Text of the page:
Solid-state nanopore analysis on the conformation change of DNA polymerase I induced by a DNA substrate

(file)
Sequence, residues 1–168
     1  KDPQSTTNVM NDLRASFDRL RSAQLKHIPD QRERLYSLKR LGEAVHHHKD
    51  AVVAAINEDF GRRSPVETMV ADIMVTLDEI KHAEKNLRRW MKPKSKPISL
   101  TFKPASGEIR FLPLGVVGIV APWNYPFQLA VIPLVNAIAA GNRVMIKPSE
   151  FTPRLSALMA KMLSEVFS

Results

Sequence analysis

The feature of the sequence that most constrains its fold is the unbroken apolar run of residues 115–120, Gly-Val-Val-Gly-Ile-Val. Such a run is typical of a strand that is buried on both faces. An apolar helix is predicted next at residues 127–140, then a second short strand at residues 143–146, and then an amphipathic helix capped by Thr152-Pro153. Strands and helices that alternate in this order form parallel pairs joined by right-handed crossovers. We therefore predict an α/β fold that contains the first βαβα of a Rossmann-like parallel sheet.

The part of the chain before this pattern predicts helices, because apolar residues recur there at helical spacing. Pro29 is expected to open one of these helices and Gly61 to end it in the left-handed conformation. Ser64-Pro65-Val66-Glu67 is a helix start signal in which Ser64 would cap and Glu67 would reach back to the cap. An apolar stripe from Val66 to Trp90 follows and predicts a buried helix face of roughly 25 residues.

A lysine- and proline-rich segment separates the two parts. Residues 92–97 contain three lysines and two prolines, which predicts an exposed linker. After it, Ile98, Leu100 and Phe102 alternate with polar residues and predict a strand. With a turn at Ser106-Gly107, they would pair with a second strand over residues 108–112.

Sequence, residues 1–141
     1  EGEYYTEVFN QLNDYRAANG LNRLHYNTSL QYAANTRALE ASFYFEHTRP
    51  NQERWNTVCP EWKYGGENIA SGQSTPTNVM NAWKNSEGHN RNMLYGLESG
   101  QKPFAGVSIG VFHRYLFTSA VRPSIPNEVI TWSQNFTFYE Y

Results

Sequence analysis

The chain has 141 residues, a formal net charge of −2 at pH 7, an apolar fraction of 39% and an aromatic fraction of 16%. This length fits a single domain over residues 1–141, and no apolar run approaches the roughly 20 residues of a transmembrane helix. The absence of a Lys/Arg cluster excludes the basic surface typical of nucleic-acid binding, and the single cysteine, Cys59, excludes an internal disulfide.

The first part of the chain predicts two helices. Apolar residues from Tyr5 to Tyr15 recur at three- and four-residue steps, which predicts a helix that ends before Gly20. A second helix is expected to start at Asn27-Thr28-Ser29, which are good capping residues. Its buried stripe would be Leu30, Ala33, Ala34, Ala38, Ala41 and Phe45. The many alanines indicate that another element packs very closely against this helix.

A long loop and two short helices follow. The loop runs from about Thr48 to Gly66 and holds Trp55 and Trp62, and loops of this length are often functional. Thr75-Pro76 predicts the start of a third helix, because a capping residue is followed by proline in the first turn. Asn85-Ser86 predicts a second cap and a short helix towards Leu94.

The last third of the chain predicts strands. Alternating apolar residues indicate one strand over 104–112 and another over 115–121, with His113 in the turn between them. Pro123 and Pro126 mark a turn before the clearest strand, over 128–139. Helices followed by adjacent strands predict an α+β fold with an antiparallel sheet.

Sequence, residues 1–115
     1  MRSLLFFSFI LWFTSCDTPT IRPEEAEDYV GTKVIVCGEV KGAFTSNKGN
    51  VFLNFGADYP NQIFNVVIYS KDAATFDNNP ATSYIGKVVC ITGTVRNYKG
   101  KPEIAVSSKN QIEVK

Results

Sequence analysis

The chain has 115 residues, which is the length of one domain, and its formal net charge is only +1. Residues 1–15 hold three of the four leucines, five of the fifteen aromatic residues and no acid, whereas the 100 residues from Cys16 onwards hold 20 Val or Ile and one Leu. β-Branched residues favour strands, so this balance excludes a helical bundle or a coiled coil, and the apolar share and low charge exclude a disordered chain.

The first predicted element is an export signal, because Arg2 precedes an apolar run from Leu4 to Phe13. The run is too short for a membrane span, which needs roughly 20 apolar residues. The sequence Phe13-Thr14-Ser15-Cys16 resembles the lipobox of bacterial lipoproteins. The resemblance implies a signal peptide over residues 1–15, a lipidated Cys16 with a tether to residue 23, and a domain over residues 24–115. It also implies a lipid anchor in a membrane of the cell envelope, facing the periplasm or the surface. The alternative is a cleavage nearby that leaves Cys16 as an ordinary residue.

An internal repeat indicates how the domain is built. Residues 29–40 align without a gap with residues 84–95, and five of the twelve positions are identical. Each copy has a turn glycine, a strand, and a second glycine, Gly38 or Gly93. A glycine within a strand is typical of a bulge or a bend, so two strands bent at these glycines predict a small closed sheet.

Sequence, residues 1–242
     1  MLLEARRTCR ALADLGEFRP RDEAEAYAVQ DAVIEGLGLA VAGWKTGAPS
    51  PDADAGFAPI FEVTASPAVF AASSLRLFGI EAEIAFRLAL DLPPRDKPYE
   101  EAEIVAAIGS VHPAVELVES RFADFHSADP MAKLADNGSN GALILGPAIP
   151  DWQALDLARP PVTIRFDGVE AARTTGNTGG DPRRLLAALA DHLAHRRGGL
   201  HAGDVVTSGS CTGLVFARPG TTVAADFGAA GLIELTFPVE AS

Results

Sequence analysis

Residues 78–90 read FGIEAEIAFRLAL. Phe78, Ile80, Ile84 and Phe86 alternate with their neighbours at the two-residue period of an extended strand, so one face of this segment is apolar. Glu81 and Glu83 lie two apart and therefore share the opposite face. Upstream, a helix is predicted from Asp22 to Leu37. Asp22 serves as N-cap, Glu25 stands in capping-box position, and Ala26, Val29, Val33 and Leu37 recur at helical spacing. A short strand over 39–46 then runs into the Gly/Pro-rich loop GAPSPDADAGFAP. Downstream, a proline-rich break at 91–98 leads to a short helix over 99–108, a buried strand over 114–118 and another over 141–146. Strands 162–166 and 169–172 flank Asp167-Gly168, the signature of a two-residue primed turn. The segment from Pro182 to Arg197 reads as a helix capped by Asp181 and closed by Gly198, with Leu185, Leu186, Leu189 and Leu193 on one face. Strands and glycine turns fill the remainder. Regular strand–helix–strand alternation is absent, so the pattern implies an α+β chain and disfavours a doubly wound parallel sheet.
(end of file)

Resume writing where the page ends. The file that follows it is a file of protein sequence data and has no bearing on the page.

Proteins with a changeable conformation, such as polymerases, play a very important role in various life activities. Their conformational changes can be reflected in their structural size and flexibility, which may influence their transport kinetics. Recently, solid-state nanopore sensors have been widely applied to characterize the conformation of proteins and other complex structures as sensitive and high throughput single-molecule detectors. In this work, we used a SiN nanopore sensor to study the conformational changes between the Klenow fragment (KF) and its monomer complex with a DNA substrate (KF-DNA). By calculating their hydrodynamic radii, pore volume, the duration of translocation events, drift velocity, and molecular dynamics simulations, we found that the KF-DNA monomer complex has a tighter structure and transports slower. The study performed here can be potentially used to identify single polymerases in real time and may ultimately reveal conformation changes and the interaction between polymerases and their substrates.